Other than the military, the Internal Revenue Service is probably the most feared part of the federal government. When the IRS decides you are behind in paying taxes, it can be like the ultimate debt collector, with the power to take your assets and sell them off.In fact, from 2011 through 2014, the IRS raked in $114 million from selling off seized assets. Before it can take your property, however, the agency must go through a series of steps and processes, during which you and your attorney can dispute the amount owed, negotiate a settlement or pay off the back taxes.
If you check the IRS website, you can see what kinds of items it seizes from taxpayers and then offers up for sale. The items include real estate for sale southeast of Cleveland and southwest of the city, too. There's a seized liquor license for sale in New Jersey, a baby blue Corvette in Tennessee, three bayonets (and five vehicles) in Massachusetts and the contents of a tuxedo store in Alabama, among other assets being sold by the IRS to pay off delinquent tax bills.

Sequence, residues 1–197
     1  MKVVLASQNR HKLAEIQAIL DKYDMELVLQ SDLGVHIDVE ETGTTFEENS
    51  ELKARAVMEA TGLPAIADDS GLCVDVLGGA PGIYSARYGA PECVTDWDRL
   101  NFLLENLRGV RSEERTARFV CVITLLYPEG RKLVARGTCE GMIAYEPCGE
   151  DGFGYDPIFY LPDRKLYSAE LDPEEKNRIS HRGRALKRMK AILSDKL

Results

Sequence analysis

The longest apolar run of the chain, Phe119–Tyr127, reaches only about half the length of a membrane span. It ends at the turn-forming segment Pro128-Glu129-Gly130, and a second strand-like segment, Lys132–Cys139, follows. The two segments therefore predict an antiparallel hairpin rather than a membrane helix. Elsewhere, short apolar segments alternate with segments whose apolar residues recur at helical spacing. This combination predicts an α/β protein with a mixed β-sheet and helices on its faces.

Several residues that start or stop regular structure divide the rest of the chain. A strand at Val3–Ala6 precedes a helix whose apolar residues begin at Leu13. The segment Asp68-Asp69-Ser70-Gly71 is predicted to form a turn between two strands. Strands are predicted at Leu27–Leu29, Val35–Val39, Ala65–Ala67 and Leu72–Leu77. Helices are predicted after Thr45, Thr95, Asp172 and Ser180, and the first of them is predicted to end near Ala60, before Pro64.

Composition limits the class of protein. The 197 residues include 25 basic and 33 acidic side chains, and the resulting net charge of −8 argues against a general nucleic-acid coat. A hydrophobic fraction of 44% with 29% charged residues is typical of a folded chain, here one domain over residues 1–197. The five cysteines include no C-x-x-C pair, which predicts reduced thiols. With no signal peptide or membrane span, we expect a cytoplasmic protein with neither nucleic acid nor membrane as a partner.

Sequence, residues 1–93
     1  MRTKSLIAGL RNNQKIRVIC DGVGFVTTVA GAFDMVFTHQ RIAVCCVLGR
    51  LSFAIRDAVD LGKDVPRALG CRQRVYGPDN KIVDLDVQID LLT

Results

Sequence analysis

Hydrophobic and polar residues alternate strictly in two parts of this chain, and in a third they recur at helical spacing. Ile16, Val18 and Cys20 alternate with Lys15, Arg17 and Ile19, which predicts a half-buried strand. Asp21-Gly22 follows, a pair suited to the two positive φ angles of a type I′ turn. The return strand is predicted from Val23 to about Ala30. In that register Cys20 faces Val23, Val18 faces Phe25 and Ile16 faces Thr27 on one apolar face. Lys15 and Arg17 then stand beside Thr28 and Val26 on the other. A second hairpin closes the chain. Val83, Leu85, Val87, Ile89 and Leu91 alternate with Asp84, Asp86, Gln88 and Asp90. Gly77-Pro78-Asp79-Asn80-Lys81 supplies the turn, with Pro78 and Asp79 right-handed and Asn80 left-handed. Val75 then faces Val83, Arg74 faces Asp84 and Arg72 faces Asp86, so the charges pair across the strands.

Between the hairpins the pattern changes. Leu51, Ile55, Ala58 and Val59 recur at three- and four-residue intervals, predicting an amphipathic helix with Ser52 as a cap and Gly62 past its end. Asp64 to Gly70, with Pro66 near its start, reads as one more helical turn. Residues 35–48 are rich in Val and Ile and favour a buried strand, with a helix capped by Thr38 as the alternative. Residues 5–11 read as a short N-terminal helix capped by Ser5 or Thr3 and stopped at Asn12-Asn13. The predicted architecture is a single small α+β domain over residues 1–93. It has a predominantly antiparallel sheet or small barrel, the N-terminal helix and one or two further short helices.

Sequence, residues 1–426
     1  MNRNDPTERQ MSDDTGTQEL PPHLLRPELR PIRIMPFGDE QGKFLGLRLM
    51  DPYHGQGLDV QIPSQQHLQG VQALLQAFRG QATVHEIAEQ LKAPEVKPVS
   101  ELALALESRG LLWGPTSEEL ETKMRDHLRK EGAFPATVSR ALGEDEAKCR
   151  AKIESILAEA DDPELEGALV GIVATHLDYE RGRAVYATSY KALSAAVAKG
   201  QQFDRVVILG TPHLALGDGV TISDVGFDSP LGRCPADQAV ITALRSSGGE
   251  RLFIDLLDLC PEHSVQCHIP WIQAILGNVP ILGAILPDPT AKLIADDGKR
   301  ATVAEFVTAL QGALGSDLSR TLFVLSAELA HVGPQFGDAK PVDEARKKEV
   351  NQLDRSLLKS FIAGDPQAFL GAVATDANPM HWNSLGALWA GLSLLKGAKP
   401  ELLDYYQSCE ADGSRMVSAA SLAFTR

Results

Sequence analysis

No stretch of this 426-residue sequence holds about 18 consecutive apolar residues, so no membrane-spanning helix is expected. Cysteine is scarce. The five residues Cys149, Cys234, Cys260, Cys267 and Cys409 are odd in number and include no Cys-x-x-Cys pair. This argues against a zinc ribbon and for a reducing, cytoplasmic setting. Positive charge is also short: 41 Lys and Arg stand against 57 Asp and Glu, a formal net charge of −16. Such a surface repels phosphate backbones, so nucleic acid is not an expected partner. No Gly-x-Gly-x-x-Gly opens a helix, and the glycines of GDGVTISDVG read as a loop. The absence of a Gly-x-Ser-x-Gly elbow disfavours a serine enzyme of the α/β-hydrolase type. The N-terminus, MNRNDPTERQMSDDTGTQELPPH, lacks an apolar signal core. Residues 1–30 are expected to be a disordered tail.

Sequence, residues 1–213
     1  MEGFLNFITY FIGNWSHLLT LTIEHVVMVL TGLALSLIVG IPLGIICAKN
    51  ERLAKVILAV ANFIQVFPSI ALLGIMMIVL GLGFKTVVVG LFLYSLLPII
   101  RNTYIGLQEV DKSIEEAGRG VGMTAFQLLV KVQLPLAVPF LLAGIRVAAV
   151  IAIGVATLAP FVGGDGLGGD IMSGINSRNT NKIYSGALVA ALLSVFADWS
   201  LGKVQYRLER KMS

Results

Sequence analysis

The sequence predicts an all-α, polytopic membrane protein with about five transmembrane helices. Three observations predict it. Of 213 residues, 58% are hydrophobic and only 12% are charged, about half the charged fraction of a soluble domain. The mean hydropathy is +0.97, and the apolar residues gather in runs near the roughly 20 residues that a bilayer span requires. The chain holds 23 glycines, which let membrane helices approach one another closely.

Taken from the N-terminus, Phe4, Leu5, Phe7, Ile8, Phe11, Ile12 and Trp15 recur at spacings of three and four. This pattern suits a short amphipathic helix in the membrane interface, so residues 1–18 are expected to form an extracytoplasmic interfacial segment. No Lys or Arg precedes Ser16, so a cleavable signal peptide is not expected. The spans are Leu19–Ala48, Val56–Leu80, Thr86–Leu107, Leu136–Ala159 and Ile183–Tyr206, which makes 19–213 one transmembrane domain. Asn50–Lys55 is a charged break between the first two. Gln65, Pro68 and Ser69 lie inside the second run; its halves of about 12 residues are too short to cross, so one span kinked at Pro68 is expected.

Two years ago, an audit by the Treasury Inspector General for Tax Administration (TIGTA) found that 30 percent of taxpayer property seizures were in some respects improperly carried out. In some cases taxpayers weren’t properly credited for the amount the IRS received from the sale and in other cases, the IRS got its numbers wrong, giving the taxpayer an incorrect figure for his or her liability.
When advised by the IRS that you have delinquent taxes, you can speak with an experienced tax attorney who will protect your rights and fight to protect your individual and business properties. A skilled lawyer can assist with tax disputes, tax controversies, audits, appeals, negotiations, litigation and more.